`Tifblue' rabbiteye blueberry (Vaccinium ashei Reade) and `Sharpblue' southern highbush blueberry (primarily V. corymbosum) were treated with 0, 25, or 100 Mm Na+ as Na2SO4 or NaC1, and 0, 1, 3, or 10 Mm supplemental Ca2+ in sand culture in the greenhouse. Greatest stomatal conductance (gs) and net assimilation (A) occurred in unsalinized `Tifblue' plants not given additional Ca2+. Stomatal conductance, A, transpiration (E), and xylem water potential(Ψ)of `Tifblue' and `Sharpblue' plants were all lowered as salinity increased, and these effects were more pronounced with NaCl than with Na2SO4. After 63 days, for plants given 100 Mm Na+ as NaCl, gs and net assimilation rate were reduced to only 10% of the unsalinized controls, while for plants salinized with 100 mm Na+ as Na2SO4, gs and A were 35% and 43%, respectively, of unsalinized controls. Leaf necrosis was more extensive on `Sharpblue' plants given NaCl than on `Tifblue' plants. Neither Ca2+ nor Na+ treatments led to severe chlorosis; reductions in leaf chlorophyll content were mainly due to necrosis. The Na+- induced reduction in gas exchange was associated with negative Ψw Ca2+ deficiency, or a combination of these factors. Additional factors leading to inhibition of gas exchange in NaCl- stressed plants include Cl- toxicity and leaf necrosis. Calcium supplements were unable to ameliorate NaCl damage in `Tifblue' or `Sharpblue' plants, possibly because of the inability of Ca2+ to counter Cl- entry and toxicity. In contrast, additional Ca2+ improved gs, A, Ψw, and leaf chlorophyll content of `Tifblue' plants that received Na2SO4. For plants treated with 25 mm Na+ as Na2SO4 and 1 mm Ca2+, gs was 1.5 to 2.5 times higher than in plants without added Ca2+. Low (1 mm) concentrations of Ca2+ were more effective in ameliorating the effects of 100 mm Na+ as Na2SO4. than were 3 or 10 mm Ca2+ supplements, possibly because higher Ca2+ concentrations damaged the metabolism of the calcifuge blueberry.

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Glenn C. Wright, Kim D. Patten and Malcolm C. Drew

`Tifblue' and `Brightwell' rabbiteye blueberries (Vaccinium ashei Reade.) were subjected to 0, 25, or 100 mM Na+, as Na2SO4 or NaCl, and 0, 1, 3, or 10 mM supplemental Ca2+, primarily as CaSO4, in an irrigated sand culture in the greenhouse. Additionally, the effect of NaCl on `Sharpblue' southern highbush blueberry (primarily V. corymbosum L.) was examined. For unsalinized plants, fastest growth occurred in plants not receiving supplemental Ca2+. Root and shoot growth were depressed as salinity increased in plants lacking additional Ca2+. With 100 mM Na+ as Na2SO4. `Tifblue' root and shoot dry weight increases were only 37% and 25%, respectively, of the increase of unsalinized controls, while with 100 mM Na+ as NaCl, the corresponding shoot and root dry weight increases were only 38% and 43%, respectively. `Brightwell' plants reacted similarly to `Tifblue' in salinity treatments with Na2SO4 and NaCl, but `Sharpblue' plants were more severely affected by 100 mM NaCl than were the rabbiteye cultivars. In no case did addition of Ca2+ have any ameliorative effect on either the dry weight of roots of plants exposed to 25 or 100 mM NaCl or on the shoot growth of plants exposed to NaCl. The inability of Ca2+ to counter Cl- entry or toxicity may account for the lack of amelioration. In contrast, additional Ca2+ did improve shoot growth of plants exposed to Na2SO4. For `Tifblue' plants supplied with 25 mM Na+ as Na2SO4, growth increased by almost 25% in the presence of 10 mM Ca2+, while for `Tifblue' plants treated with 100 mM Na+ as Na2SO4, growth was more than three times greater in plants supplied with 1 mM Ca than in those not given any Ca2+. Growth increase was primarily due to increased leaf area and number. Low (1 mM) concentrations of Ca2+ were more effective in ameliorating the effects of 100 mM Na+ as Na2SO4 than were 3- and 10-mM Ca2+ supplements, possibly because higher Ca2+ additions lead to metabolic damage in these calcifuge Vaccinium species.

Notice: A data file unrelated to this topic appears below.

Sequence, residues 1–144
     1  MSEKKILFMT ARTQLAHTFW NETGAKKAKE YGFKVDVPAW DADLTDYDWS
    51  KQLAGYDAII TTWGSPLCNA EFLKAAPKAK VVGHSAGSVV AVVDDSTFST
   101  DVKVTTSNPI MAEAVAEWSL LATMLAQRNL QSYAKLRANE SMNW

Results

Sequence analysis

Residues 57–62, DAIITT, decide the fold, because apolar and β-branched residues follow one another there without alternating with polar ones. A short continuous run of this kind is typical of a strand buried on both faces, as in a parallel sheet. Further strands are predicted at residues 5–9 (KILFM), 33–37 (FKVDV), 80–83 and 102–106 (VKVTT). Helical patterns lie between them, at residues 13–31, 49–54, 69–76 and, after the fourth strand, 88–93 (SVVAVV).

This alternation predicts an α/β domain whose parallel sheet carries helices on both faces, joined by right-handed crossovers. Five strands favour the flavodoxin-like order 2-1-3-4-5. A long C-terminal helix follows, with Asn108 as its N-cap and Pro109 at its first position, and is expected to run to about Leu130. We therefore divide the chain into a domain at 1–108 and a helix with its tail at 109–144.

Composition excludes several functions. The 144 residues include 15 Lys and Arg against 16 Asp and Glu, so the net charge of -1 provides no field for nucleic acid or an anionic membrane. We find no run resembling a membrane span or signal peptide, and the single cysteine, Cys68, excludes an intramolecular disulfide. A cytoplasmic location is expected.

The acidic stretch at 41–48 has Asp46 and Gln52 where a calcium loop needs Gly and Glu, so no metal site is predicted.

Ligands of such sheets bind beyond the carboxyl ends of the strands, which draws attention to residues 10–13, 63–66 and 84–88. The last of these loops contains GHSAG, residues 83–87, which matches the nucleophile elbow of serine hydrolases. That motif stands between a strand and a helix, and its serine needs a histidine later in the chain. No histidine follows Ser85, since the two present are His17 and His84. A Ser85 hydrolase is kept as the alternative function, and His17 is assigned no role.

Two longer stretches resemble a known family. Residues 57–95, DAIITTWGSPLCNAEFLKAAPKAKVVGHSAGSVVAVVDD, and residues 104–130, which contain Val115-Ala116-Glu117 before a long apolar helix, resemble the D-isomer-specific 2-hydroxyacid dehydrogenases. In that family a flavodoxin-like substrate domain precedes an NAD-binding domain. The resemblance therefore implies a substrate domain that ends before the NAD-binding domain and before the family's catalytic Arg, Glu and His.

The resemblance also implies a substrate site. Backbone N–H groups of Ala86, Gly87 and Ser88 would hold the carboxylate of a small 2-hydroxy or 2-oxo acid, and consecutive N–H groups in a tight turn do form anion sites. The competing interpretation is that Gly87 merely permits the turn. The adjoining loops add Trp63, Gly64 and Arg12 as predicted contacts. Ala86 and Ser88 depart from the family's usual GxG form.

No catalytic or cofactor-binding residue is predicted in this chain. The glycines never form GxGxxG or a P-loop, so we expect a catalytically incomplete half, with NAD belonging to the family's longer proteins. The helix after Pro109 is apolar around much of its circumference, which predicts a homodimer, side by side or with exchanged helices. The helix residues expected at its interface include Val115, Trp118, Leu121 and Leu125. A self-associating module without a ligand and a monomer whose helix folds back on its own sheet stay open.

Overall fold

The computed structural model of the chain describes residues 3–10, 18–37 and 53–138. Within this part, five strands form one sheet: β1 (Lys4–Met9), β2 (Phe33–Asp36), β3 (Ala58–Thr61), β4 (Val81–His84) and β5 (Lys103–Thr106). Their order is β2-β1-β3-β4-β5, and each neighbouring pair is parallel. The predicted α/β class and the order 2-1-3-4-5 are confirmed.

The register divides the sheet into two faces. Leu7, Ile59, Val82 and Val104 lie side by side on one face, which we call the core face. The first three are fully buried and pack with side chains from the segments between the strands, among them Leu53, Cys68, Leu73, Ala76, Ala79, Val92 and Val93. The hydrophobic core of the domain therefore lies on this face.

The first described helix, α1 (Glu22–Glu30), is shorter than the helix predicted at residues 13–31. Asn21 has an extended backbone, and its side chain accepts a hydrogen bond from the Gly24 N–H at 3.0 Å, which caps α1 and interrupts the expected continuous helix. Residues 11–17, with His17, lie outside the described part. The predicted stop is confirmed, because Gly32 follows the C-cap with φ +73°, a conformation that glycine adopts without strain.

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Edward L. Proebsting, David Ophardt, William E. Howell, Gaylord I. Mink and Kim D. Patten

Thirty-five `Bing' sweet cherry (Prunus avium L.) clones were collected, primarily from old commercial orchards in central Washington; propagated on P. mahaleb L. rootstock; and their horticultural performance was evaluated. Nine of the 35 clones were not infected with the common pollen-borne ilarviruses prunus necrotic ringspot virus and prune dwarf virus—four of the clones after decades of exposure in commercial orchards. As a group, the nine virus-free clones produced larger trees with earlier fruit maturity and less rain cracking, but softer fruit, than did the 26 infected clones. These data challenge the general assumption that the presence of one or both of these ilarviruses is always detrimental. This assumption has driven development of many valuable virus certification programs and the adoption of virus-free trees as the standard for commercial fruit growing in most states.